2. what tools and methods are employed for basic planning principles, spatial layouts, allocation and mix of functions, how effective they are and which ones will gain special importance for the future
3. which relationships and connections nurture and intensive the relationships between airport and airport city
4. how airports can achieve or have already achieved their self-propagated claim of becoming city surrogates and what kind of urbanity they are able to create
5. how transient urbanity manifests itself physically and is expressed and characterized in architecture and urbanism
Structure of Study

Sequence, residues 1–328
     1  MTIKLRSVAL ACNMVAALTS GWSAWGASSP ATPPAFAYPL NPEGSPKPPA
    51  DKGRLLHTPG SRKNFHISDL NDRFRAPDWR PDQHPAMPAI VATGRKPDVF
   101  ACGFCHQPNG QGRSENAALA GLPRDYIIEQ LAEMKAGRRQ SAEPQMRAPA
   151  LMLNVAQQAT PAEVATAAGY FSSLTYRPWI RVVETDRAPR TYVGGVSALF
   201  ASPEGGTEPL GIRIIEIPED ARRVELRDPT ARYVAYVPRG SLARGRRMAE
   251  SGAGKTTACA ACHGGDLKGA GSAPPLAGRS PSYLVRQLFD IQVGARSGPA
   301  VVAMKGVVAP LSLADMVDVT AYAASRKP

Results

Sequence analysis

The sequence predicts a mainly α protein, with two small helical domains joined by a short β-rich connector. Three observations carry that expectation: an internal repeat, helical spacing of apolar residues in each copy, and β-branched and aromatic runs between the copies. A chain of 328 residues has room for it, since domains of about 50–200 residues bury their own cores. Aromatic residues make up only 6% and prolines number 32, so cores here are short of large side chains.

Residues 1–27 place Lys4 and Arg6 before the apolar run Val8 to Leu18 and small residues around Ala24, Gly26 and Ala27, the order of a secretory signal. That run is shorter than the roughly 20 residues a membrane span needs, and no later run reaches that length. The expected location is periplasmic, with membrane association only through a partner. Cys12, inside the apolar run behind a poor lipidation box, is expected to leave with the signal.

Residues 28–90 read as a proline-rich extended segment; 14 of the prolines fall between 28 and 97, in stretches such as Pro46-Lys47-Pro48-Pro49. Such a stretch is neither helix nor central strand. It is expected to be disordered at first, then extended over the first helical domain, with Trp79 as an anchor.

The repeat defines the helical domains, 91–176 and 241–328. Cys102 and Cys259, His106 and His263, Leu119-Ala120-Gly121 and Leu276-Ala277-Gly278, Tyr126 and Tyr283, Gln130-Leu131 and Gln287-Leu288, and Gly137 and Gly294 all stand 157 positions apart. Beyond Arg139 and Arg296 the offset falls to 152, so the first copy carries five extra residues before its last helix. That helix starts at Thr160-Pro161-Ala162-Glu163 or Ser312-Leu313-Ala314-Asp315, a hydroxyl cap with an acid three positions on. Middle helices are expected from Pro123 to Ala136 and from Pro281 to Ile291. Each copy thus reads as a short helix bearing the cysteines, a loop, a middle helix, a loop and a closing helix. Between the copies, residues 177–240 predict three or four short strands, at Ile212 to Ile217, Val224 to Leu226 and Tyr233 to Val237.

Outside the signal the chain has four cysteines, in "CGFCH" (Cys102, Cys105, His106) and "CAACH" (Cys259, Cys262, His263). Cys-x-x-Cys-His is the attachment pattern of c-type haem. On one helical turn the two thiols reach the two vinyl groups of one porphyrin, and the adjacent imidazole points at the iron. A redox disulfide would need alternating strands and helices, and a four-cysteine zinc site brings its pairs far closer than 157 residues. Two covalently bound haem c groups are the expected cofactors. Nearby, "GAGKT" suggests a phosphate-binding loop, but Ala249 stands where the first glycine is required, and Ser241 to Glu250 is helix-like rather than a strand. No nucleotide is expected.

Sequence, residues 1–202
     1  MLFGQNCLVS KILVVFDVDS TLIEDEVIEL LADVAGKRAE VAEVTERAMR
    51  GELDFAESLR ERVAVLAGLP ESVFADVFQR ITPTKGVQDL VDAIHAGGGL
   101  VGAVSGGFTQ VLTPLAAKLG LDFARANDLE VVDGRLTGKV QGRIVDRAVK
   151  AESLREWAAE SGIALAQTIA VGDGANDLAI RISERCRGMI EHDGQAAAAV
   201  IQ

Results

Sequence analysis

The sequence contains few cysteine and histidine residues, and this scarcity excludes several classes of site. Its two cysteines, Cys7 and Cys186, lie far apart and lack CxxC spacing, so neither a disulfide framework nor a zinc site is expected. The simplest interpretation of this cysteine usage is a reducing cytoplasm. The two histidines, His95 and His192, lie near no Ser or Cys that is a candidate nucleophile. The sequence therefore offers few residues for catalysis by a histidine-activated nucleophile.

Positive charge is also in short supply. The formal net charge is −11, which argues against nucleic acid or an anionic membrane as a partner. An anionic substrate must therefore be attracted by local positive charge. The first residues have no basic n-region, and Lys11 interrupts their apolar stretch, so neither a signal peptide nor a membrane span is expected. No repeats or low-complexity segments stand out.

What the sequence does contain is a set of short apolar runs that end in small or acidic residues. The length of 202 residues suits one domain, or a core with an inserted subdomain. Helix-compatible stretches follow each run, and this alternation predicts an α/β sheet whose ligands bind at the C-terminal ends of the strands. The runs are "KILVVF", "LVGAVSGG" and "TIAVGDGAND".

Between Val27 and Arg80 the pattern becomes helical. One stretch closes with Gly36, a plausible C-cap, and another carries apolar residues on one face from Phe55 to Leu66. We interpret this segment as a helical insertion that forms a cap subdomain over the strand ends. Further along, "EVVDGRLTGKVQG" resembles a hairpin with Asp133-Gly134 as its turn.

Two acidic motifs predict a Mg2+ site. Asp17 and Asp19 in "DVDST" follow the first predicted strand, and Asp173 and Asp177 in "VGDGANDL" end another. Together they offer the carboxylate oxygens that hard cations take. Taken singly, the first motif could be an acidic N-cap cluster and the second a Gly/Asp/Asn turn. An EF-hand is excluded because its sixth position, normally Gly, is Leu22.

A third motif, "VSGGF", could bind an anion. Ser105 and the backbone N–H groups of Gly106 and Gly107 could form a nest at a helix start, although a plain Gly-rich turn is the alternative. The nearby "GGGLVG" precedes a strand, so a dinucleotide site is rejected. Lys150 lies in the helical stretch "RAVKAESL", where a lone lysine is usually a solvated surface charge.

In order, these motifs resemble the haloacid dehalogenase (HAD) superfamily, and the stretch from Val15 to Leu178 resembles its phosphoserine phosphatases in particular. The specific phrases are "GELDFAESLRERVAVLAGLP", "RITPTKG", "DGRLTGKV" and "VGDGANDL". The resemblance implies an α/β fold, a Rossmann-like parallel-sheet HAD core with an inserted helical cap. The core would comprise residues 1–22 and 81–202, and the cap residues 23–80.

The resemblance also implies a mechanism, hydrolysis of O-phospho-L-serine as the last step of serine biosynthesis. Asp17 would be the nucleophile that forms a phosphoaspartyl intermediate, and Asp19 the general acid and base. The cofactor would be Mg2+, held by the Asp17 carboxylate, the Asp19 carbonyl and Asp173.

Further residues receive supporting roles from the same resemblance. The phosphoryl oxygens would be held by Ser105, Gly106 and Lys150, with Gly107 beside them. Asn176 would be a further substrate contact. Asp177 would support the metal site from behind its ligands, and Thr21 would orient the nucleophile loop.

To be able to deliver these goals, the study will work along two research branches: a theoretical/abstract and a practical/analytical one. The theoretical part will act as the hypothetical framework of my work and elaborate on the concept of transient urbanity. While exploring social, economical, and ecological paths, this framework will focus on the spatial and tectonic characteristics of the airport. The second part of the study is a comparison of hub airport projects from around the world. This part will be based on a month-long field trip to each airport. A third part will compare all projects, relate them back to the first part and draw generalizable conclusions. These conclusions should yield a set of best practice rules and recommendations for airport design and the more general paring of mobility, architecture, and urbanism. They should demonstrate that airports and cities can not only coexist, but profit from each other and are part of one and the same city landscape.